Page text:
An Alzheimer's Diagnosis Doesn't Have to Be a Life Sentence
I will never forget the day my mom was diagnosed with early-onset Alzheimer's disease. She had been showing signs for at least a year and we had been struggling to get a proper diagnosis. In the back of my mind, I knew what was coming, but hearing the official diagnosis still came as a shock.
A call from mom
I was finishing up my workday when my mom called to tell me about her doctor's appointment that afternoon. She told me that her doctor had diagnosed her with early-onset Alzheimer's. I was so upset that I called my supervisor and asked to leave work early.
Later that evening, my immediate family gathered at my parents' house, the house I grew up in, to show our support for my mom. I'm not sure whose idea it was to meet there, but I think we all felt like we had to do something to acknowledge the circumstance.
I remember thinking that there was nothing for us to do. When my mom had been diagnosed with breast cancer almost a decade earlier, she had to schedule surgeries and treatments. She had to arrange for care for my sister and me. This time around there was none of that — no surgeries, no treatments, no cure. There was nothing to plan.
Landing a life sentence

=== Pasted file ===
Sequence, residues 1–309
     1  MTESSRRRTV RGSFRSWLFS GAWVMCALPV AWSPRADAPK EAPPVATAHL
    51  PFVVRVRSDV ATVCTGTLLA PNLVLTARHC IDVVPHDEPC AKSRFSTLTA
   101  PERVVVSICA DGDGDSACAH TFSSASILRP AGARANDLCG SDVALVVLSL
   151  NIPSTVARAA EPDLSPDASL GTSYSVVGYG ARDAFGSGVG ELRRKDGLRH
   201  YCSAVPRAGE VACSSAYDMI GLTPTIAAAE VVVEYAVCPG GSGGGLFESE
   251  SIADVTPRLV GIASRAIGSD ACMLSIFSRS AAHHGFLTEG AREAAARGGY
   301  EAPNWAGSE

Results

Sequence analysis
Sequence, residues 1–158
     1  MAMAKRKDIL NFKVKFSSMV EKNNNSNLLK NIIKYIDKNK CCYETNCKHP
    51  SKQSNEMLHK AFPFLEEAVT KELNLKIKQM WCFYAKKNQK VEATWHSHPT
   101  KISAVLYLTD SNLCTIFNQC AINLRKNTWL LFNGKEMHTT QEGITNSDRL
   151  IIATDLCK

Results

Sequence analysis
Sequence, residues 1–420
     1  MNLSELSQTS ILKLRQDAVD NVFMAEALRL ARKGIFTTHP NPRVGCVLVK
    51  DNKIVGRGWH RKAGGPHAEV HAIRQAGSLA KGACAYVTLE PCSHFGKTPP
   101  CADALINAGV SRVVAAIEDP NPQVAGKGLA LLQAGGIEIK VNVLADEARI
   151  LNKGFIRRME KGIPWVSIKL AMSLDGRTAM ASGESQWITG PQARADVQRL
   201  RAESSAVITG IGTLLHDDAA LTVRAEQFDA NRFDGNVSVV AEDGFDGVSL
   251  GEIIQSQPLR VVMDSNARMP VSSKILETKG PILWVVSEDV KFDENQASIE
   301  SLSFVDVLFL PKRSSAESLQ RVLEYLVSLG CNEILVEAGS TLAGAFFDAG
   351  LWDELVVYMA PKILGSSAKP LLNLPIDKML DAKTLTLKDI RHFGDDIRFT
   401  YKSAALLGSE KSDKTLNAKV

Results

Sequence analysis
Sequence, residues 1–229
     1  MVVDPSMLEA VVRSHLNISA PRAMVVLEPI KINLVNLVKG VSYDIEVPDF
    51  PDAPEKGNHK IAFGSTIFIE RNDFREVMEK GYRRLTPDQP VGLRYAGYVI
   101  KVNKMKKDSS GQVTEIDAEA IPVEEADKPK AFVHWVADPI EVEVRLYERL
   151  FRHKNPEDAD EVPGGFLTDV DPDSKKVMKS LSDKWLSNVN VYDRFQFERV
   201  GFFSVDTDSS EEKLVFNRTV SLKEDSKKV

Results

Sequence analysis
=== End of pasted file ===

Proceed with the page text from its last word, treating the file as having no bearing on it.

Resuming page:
I remember feeling like my mom had been issued a life sentence. Actually, it felt like we had all been issued a life sentence. We had been handed a diagnosis with no instructions, no direction, and no idea what to do next.
I felt like my mom had no choice but to sit around and wait for the disease to take hold — wait for it to rob her of everything and everyone she had ever known. I felt hopeless.
Reaching a level of acceptance
The first two or three years were much of the same. I felt lost, confused, and unsure of how to continue living our lives. At some point, I reached a level of acceptance that allowed me to see things differently.
What if my mom's Alzheimer's diagnosis wasn't a life sentence after all? What if it was a sentence to live our lives while we still had the chance?
The gift of more time
I knew of so many people who had lost a loved one suddenly. They never saw it coming. They never had a chance to do or say all of the things they had wanted to do or say. And worst of all, they never got the chance to say goodbye.
If there was any silver lining to an Alzheimer's diagnosis, it was the gift of more time. My mom had not died suddenly. She was still very much alive. Maybe the rest of her life would look different than any of us had planned, but there was still a lot of time for us to enjoy ourselves together.
There was time to do and say everything I had ever wanted to do or say. There was time to make memories with her. There was time to make the most of what we still had. And there would be time later on to say goodbye.
Making the most of each day
Knowing that our time was limited but not yet over forced me to make the most of each day with her. I knew what was coming down the road and I didn't want to have any regrets. I stopped seeing her diagnosis as a life sentence.
I began seeing it as a sentence to live. I'm so grateful I had this change of perspective before it was too late. And I hope you will, too.
Which, if any, of the following most often trigger agitation in your loved one living with Alzheimer's disease?